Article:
Beijing's airbases in South China Sea 'ready for use'

Structures seen in satellite images of (from far left) Subi Reef, Mischief Reef and Fiery Cross Reef in the Spratly Islands.
Structures seen in satellite images ofSubi Reef, Mischief Reef (above) and Fiery Cross Reef in the Spratly Islands.PHOTO: REUTERS
Structures seen in satellite images of (from far left) Subi Reef, Mischief Reef and Fiery Cross Reef in the Spratly Islands.
Structures seen in satellite images of Subi Reef, Mischief Reef and Fiery Cross Reef (above) in the Spratly Islands.PHOTO: REUTERS

It can deploy military hardware there at any time, says US think-tank

WASHINGTON • China appears to have largely completed major construction of military infrastructure on artificial islands it has built in the South China Sea and can now deploy combat planes and other military hardware there at any time, a US think-tank said.

The Asia Maritime Transparency Initiative (AMTI), part of Washington's Center for Strategic and International Studies, said the work was carried out on what it calls the "Big Three" airbases - on Fiery Cross, Subi and Mischief reefs - in the Spratly Islands.

The bases have air, naval, radar and defensive facilities. The think-tank cited satellite images taken this month, which its director Greg Poling said showed new radar antennas on Fiery Cross and Subi. "So look for deployments in the near future," he said.

China has denied US charges that it is militarising the South China Sea, although Premier Li Keqiang said last week that defence equipment had been placed on islands in the disputed waterway to maintain "freedom of navigation".

A Pentagon spokesman, Commander Gary Ross, declined to comment on the specifics of the AMTI report, saying it was not the Defence Department's practice to comment on intelligence.

Structures seen in satellite images of (from far left) Subi Reef, Mischief Reef and Fiery Cross Reef in the Spratly Islands.
Structures seen in satellite images of Subi Reef (above), Mischief Reef and Fiery Cross Reef in the Spratly Islands. PHOTO: REUTERS

But he said "China's continued construction in the South China Sea is part of a growing body of evidence that they continue to take unilateral actions which are increasing tensions in the region and are counterproductive to the peaceful resolution of disputes".

AMTI said China's three airbases in the Spratlys and another on Woody Island in the Paracel chain farther north would allow its military aircraft to operate over nearly the entire South China Sea, a key global trade route that Beijing claims most of. Several neighbouring states have competing claims in the sea, which is widely seen as a potential regional flashpoint.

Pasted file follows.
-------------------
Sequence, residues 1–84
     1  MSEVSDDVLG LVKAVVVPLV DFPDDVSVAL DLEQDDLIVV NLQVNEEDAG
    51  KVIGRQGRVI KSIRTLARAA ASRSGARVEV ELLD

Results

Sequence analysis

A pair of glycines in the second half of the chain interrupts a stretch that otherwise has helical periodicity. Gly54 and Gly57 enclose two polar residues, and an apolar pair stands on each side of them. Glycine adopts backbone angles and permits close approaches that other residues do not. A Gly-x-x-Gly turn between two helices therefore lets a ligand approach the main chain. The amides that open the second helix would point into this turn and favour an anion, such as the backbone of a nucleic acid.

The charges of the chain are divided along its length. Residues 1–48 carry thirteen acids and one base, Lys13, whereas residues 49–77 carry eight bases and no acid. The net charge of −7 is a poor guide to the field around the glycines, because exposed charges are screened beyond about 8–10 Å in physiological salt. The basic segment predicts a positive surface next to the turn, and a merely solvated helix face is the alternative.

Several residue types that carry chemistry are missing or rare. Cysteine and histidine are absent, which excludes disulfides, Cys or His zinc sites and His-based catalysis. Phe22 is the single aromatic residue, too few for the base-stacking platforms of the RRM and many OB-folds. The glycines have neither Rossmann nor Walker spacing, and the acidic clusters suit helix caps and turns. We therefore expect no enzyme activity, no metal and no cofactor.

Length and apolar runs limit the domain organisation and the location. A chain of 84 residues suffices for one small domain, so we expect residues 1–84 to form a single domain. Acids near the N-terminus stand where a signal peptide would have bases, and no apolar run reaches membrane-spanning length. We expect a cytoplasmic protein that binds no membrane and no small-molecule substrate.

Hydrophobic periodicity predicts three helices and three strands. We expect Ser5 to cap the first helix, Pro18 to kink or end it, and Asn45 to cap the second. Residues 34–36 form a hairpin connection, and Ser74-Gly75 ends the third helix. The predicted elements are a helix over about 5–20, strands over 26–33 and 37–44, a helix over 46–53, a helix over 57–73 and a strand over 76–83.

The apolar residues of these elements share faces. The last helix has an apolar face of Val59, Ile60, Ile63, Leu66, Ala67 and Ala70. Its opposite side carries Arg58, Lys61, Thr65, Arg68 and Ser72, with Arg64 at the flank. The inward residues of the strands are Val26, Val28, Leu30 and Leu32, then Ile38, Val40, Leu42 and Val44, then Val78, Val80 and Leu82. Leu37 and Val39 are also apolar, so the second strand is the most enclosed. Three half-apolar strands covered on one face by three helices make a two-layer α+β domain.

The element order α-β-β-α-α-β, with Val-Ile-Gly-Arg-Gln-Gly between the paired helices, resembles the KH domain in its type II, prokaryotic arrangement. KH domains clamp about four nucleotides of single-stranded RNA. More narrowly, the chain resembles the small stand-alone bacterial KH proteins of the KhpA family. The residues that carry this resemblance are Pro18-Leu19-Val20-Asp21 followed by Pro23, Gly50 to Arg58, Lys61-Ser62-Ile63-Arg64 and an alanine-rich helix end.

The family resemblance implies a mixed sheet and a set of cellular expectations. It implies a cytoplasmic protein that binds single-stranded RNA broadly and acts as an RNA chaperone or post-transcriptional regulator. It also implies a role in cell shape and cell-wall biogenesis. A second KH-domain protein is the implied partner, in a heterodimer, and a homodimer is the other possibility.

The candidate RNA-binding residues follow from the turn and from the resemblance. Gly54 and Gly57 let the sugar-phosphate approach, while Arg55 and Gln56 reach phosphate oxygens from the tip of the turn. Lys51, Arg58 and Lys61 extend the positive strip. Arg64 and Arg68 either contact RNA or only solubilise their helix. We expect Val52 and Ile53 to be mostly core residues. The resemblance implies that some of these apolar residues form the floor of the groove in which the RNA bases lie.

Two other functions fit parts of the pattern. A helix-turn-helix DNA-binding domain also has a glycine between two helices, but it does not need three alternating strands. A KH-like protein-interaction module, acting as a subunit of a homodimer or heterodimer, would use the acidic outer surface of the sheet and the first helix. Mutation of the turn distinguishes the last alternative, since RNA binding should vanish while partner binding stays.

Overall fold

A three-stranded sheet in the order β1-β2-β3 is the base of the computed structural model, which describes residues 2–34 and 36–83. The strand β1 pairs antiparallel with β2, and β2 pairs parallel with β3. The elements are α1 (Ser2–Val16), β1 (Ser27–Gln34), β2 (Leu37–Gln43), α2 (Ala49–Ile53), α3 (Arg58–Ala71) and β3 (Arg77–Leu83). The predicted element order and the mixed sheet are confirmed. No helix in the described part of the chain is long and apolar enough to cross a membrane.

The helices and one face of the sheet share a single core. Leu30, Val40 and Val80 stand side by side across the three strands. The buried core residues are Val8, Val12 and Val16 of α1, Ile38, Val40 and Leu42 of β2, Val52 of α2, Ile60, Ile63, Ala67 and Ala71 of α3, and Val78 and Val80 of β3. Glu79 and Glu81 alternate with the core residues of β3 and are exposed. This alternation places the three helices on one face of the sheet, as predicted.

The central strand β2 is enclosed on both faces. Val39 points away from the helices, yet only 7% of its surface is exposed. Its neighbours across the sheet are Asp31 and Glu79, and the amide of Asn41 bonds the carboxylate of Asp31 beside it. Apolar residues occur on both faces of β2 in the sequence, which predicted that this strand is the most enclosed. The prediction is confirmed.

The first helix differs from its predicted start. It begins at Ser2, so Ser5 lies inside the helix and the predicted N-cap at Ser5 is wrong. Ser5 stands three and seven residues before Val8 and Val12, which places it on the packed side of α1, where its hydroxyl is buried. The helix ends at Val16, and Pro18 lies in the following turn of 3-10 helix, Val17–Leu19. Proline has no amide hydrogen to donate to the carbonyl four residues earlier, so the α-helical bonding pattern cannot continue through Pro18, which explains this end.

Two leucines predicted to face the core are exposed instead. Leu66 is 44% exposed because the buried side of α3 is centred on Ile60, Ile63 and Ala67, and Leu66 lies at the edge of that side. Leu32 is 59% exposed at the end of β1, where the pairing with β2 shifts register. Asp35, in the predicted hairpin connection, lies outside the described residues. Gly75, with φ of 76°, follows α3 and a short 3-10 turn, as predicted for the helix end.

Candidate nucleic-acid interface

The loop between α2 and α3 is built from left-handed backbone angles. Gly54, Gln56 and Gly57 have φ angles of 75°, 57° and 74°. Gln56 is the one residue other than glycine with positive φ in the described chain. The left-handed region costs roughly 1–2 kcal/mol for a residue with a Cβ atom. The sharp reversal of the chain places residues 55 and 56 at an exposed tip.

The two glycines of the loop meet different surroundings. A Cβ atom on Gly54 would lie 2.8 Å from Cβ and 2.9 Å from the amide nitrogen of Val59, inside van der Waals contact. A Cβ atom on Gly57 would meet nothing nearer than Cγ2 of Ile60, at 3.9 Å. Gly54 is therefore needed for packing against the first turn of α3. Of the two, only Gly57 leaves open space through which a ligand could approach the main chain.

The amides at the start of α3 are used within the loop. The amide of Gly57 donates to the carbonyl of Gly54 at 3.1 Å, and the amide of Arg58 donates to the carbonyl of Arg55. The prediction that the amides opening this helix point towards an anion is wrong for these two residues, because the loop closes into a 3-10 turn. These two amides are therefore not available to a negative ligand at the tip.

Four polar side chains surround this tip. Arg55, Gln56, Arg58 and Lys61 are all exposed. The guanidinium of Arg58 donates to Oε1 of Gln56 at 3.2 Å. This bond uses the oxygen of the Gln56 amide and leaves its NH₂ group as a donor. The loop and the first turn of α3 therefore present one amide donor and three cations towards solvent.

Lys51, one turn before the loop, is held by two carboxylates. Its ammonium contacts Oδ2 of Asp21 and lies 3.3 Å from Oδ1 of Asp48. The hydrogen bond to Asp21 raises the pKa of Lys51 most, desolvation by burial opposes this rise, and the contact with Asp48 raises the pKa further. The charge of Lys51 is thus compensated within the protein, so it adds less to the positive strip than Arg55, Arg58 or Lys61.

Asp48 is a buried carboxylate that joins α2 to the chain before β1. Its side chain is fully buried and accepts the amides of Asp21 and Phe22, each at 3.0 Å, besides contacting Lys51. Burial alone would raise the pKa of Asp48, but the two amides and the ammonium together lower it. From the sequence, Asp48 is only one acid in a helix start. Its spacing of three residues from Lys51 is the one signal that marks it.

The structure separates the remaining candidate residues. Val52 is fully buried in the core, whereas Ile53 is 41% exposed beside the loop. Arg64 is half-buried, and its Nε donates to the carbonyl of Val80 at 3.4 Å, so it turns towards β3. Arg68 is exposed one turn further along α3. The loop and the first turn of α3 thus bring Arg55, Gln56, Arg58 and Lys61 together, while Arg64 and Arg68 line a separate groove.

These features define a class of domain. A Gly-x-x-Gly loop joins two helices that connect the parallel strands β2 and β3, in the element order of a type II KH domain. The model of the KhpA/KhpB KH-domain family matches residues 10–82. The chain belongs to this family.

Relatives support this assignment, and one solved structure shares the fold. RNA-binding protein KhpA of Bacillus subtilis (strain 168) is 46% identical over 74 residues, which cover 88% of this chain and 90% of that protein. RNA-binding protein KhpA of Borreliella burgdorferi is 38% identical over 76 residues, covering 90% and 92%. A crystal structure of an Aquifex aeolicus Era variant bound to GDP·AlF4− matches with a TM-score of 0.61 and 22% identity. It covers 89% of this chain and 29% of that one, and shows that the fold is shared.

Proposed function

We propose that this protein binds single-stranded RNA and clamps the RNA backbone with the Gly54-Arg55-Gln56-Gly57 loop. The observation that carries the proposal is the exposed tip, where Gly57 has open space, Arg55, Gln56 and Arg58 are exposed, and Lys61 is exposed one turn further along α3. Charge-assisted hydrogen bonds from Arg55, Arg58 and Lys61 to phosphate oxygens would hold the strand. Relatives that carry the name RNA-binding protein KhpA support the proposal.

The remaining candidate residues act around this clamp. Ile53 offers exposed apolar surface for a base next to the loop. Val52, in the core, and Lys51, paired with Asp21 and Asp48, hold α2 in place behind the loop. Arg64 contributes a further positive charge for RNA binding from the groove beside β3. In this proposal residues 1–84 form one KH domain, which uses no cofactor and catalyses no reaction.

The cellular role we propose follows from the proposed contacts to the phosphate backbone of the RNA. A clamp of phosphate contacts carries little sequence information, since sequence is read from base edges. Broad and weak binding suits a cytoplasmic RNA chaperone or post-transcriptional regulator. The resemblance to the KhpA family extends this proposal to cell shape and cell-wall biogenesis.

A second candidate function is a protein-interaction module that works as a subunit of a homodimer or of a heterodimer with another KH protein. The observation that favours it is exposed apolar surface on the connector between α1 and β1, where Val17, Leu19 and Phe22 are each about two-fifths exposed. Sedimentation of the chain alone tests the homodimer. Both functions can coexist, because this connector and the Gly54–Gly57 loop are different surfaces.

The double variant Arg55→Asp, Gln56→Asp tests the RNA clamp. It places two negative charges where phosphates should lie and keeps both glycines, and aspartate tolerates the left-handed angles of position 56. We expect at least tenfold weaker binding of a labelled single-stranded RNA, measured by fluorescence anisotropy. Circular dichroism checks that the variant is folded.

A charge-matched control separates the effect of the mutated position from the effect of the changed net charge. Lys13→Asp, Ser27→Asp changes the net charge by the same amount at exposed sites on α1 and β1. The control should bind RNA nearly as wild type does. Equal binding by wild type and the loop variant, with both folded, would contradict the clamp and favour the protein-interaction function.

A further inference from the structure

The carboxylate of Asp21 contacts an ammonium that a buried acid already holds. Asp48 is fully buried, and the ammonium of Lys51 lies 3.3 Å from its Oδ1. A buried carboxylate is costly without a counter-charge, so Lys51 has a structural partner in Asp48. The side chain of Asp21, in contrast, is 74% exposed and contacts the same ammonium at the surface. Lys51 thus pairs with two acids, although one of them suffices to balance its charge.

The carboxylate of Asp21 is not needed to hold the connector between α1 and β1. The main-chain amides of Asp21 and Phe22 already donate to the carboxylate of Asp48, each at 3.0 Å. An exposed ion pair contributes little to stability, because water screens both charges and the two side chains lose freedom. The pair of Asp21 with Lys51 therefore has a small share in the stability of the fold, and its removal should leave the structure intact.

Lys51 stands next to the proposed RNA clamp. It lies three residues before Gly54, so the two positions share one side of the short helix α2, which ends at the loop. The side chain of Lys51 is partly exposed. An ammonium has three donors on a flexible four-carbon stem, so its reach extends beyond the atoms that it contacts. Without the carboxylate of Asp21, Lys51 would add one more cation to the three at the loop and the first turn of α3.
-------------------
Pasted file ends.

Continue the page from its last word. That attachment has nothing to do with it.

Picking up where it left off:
The think-tank said advanced surveillance and early-warning radar facilities at Fiery Cross, Subi and Cuarteron reefs, as well as Woody Island, and smaller facilities elsewhere gave it similar radar coverage. It said China had installed HQ-9 surface-to-air missiles at Woody Island more than a year ago and had deployed anti-ship cruise missiles there on at least one occasion. China had also constructed hardened shelters with retractable roofs for mobile missile launchers at Fiery Cross, Subi and Mischief, and enough hangars at Fiery Cross for 24 combat aircraft and three larger planes, including bombers.

US officials told Reuters last month that China had built almost two dozen structures on Subi, Mischief and Fiery Cross that appeared designed to house long- range surface-to-air missiles.

In his Senate confirmation hearing in January, US Secretary of State Rex Tillerson angered China by saying it should be denied access to islands it had built up in the South China Sea.

Mr Tillerson subsequently softened his language, saying that in the event of an unspecified "contingency", the US and its allies "must be capable of limiting China's access to and use of" those islands to pose a threat.

In recent years, the US has conducted a series of what it calls freedom-of-navigation operations in the South China Sea, raising tensions with Beijing.

REUTERS

A version of this article appeared in the print edition of The Straits Times on March 29, 2017, with the headline 'Beijing's airbases in South China Sea 'ready for use''. Print Edition | Subscribe